Halgren's University of Wisconsin team strolled off with highest honors last year, and now fellow 2002 team member Katie Orgish hopes to take the team back to the top spot this June. For Orgish, the allure of the FutureTruck competition is the opportunity it gives her to get away from her desk. "I don't think I'd mind working in the automotive industry," says Orgish. "I like working with a team and I liked getting out in the field and away from the computer."

Orgish is well-prepared to take the helm of the defending team, since this year will be her fourth year in FutureTruck competition. She spent last year in the know-all, help-all position as team "Radar"-a position modeled after the role of Radar in the "M.A.S.H." television show. "Just like Radar, I had to take care of all the details," says Orgish.

Software Plays a Supporting Role

Student team leaders gathered in Austin, Texas in January to kick off this year's competition and to train with co-sponsor National Instruments Corp. ( on the company's LabVIEW Real-Time and other virtual instrumentation technology provided to the student teams. National Instruments also gives each team access to an applications engineer who stands ready to advise the teams on their technological remakes of their Explorers. "The LabVIEW real-time is the brains that help preserve fuel economy for the hybrid vehicles," say Brent Boetking, data acquisitions product manager at National Instruments.

For corporate sponsors, the involvement in the competition mirrors their own efforts to re-engineer SUVs for fuel efficiency and low emissions. Like the student teams, automotive OEMs and their suppliers are challenged to make these improvements without letting the vehicle's price and performance standards slip. "This is our fourth year participating. We do it because we're interested in education and fuel efficiency," says Misty Matthews, coordinator for company and government relations at Delphi Corp. She notes that even though the company doesn't turn to the innovations implemented by the student teams, the team members are viewed as potential employee candidates.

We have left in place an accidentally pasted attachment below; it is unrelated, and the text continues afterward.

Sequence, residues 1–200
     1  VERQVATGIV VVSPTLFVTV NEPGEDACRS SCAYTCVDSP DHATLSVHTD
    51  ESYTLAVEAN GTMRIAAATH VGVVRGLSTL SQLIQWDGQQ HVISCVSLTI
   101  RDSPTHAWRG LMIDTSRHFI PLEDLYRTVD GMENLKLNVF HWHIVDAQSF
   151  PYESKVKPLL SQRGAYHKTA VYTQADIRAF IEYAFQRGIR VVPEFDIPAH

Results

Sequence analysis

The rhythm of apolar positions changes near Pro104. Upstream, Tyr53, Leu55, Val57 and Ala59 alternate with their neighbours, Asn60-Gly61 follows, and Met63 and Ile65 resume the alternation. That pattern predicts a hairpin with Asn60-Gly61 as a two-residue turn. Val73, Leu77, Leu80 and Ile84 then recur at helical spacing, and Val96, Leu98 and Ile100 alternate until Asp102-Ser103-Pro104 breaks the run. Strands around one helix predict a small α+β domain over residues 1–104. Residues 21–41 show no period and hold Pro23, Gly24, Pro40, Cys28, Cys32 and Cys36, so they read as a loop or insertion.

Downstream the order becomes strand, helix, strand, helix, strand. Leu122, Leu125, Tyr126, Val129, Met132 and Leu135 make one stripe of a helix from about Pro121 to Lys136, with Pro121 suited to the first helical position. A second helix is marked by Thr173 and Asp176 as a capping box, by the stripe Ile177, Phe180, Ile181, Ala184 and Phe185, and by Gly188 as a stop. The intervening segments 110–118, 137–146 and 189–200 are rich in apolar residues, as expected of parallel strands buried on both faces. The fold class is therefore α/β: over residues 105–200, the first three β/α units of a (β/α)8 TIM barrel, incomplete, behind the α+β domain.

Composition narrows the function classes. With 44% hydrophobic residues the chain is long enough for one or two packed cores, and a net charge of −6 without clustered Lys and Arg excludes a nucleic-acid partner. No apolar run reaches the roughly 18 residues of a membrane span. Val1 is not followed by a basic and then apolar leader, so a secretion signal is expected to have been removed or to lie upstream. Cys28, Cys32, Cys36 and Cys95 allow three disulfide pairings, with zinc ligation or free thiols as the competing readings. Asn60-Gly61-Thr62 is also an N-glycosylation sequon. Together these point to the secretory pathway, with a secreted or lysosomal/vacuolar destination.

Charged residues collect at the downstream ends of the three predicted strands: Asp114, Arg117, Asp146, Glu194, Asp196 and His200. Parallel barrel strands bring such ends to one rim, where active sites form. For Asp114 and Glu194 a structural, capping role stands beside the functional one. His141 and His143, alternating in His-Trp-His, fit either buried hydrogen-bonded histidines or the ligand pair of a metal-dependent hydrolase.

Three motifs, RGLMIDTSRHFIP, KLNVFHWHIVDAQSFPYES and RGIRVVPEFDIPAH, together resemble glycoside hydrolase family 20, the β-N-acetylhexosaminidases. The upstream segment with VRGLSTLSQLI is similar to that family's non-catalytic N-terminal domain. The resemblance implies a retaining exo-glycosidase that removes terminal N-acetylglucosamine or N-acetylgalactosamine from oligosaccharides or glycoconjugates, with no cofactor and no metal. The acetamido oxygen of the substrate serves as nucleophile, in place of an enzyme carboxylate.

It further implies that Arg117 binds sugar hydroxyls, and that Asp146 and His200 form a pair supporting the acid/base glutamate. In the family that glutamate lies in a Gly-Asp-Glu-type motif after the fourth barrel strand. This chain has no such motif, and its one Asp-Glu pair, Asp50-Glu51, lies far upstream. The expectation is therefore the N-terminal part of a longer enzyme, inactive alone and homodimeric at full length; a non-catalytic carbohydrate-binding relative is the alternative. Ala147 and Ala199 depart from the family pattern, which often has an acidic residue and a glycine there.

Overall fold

Sponsors Scout For Talent

National Instruments also scrutinizes the teams for potential engineering talent. "We've hired some of the graduates of the program," says Ray Almgren, vice president of product marketing and academics at National Instruments. The company also benefits from its involvement by watching how team members work with National Instruments' products. "We see it as a great opportunity to understand how engineers interact with our tools in these applications," says Almgren. The match-up is very appropriate, since many of National Instruments tools are designed to solve fuel efficiency challenges in the real world. "Our applications are designed for controlling next-generation automobiles, and our tools are used extensively in fuel cell and hydro-electric products."

No doubt FutureTruck participants of the future will be evaluating a whole range of new technologies in their quest for a better SUV.